Turretin on the benefits of the sacraments

V. … Therefore a twofold efficacy is ascribed to the sacraments according to us: the one moral and objective, by which the sacraments make present to our mind that object, to signify and seal which they are destined (by which means, faith is either excited or confirmed and, it mediating, hope and sanctification are increased); the other covenantal, by which God (sealing by the sacraments his promise or covenant) confers the very things promised upon the believing soul or even a greater sense and perception of these already conferred and produces by both greater operations. Hence the sacraments are rightly called exhibitive … a moral exhibition by which that grace is objectively exhibited to the mind and with it, at the same time, really to the believing soul. [Francis Turretin, Institutes of Elenctic Theology, 19.VIII.5; v.3:363]

In the Reformed tradition, the ministry of the pastor is called the ministry of Word and Sacrament. That is because it is not just the preaching of the Word that is important for the health of the church, but also the administration of the sacraments. Since it is faith that saves, faith in the Gospel message, the sacraments are not medicine that saves (like health packs in FPS video games). Rather, the sacraments are visible words, exhibiting the Gospel message in a different, more sensory form.

The sacraments are "visible words," which is that they are of the same type as the preaching of God's Word. Just as preaching sets forth and exhibits Christ and the Gospel, so that those who hear and believe will be saved, so likewise the sacraments exhibit Christ and the Gospel, so that those who partake and believe will be saved. Just as preaching puts forward Christ and His benefits for our instruction, discipleship and encouragement, so likewise the sacraments puts forward Christ and His benefits for our instruction, discipleship and encouragement. That is why Turretin calls it a "moral" efficacy, as it influences and moves people through means of exhibiting the message to our mind.

The correct way to partake of the sacraments of baptism and the Lord's Supper is to treat them as visible words. Partake in faith, and meditate upon the biblical truths these signs convey as you partake of them. Then, and only then, will you benefit from the sacraments for your encouragement and strength. As you are baptized, or every time you witness a baptism, remind yourself once again of what Christ has done for you on the Cross to save you, and how He has forgiven your sins and united you to Him in faith, so that you are now saved from your sin and given new life in Him. As you partake of the Lord's Supper, remember the atoning death of Christ on your behalf as you partake of the bread, and in the wine thank God you are now under the New Covenant and not under the Old Covenant of Law and Works, so that you are now under grace not works. In such manner, you will derive great benefit for your souls through the sacraments, as God has intended for you to do so.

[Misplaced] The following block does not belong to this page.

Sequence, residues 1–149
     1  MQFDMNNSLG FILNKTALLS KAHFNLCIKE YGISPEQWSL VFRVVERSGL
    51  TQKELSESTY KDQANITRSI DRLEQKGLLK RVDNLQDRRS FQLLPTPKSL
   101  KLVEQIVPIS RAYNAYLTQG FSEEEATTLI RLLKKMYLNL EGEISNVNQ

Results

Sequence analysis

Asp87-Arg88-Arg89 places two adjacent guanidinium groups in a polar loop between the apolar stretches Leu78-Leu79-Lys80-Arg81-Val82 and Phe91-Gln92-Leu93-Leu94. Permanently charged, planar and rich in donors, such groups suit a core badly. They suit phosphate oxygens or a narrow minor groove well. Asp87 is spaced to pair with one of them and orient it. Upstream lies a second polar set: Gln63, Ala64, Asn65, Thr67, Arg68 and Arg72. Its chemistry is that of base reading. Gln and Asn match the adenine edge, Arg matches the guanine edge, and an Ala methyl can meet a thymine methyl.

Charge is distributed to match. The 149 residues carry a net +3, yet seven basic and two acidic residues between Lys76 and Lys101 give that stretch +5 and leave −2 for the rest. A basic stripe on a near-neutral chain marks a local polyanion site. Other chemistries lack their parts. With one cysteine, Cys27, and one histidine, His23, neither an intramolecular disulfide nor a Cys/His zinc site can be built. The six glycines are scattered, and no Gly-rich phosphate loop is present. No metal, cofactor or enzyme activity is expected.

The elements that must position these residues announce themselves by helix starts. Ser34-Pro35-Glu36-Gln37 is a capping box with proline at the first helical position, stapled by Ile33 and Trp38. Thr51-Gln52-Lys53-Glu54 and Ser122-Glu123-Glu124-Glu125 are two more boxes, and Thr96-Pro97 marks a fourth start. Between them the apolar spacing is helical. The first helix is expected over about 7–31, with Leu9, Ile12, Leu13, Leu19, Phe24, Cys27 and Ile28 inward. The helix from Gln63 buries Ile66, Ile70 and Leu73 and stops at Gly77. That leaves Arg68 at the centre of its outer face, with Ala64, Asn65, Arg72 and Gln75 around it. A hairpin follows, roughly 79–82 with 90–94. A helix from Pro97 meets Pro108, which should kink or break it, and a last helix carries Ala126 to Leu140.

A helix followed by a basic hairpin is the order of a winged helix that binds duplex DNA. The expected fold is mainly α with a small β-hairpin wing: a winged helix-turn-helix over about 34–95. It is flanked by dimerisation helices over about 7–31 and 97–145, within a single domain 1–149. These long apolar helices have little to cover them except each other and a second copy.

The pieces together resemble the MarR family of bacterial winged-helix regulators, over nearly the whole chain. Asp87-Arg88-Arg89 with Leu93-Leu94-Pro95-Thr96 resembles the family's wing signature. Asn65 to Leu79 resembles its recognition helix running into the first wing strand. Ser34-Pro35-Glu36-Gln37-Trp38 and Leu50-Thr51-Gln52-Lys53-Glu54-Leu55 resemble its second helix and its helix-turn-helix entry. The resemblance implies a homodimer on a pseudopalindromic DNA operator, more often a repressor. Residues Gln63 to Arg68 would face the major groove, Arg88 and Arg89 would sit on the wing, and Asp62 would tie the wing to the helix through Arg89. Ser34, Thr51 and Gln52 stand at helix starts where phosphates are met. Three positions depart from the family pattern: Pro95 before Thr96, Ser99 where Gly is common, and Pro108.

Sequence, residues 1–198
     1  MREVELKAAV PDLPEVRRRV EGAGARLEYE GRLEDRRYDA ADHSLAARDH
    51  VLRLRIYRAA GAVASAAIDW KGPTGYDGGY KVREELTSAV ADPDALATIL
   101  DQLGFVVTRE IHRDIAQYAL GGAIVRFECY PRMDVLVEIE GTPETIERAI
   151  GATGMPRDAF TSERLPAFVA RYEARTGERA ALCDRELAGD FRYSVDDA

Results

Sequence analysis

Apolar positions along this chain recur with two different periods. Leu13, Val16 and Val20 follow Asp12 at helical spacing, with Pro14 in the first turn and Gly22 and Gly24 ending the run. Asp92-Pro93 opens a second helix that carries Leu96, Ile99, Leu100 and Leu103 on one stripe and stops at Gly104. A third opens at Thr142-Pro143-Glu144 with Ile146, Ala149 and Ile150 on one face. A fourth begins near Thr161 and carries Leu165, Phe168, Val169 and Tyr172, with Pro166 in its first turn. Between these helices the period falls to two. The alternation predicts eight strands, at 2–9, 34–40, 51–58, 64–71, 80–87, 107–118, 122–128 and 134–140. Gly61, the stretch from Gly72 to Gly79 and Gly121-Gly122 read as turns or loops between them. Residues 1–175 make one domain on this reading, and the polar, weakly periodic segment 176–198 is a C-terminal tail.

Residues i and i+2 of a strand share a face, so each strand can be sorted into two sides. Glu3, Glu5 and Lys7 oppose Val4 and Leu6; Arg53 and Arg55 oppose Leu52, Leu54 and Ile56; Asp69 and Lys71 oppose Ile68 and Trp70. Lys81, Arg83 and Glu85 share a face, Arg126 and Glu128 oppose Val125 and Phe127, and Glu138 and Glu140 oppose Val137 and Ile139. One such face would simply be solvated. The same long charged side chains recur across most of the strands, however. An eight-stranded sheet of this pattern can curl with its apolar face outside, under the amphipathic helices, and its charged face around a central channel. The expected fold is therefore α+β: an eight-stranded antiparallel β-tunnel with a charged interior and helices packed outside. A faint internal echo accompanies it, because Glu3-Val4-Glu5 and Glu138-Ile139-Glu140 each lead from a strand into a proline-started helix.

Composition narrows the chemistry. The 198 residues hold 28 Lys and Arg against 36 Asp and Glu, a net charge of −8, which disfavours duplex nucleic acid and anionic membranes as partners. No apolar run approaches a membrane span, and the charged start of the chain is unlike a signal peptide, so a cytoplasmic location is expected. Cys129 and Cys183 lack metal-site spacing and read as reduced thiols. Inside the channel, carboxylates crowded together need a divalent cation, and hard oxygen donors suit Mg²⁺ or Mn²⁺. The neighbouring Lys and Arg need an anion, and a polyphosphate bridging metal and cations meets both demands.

Friday, September 01, 2017

James White on the Nashville Statement, and Racialism in Reformed circles

Dr James White has done a helpful Dividing Line podcast on two interesting topics: The Nashville Statement, and Racialism in Reformed circles.

The Nashville Statement

The Center for Biblical Manhood and Womanhood (CBMW) and the Southern Baptist Ethics and Religious Liberty Commission (ERLC) has just published a statement on the issue of sexuality in light of the latest devolutions of liberal debauchery, the Nashville Statement. You can access it here.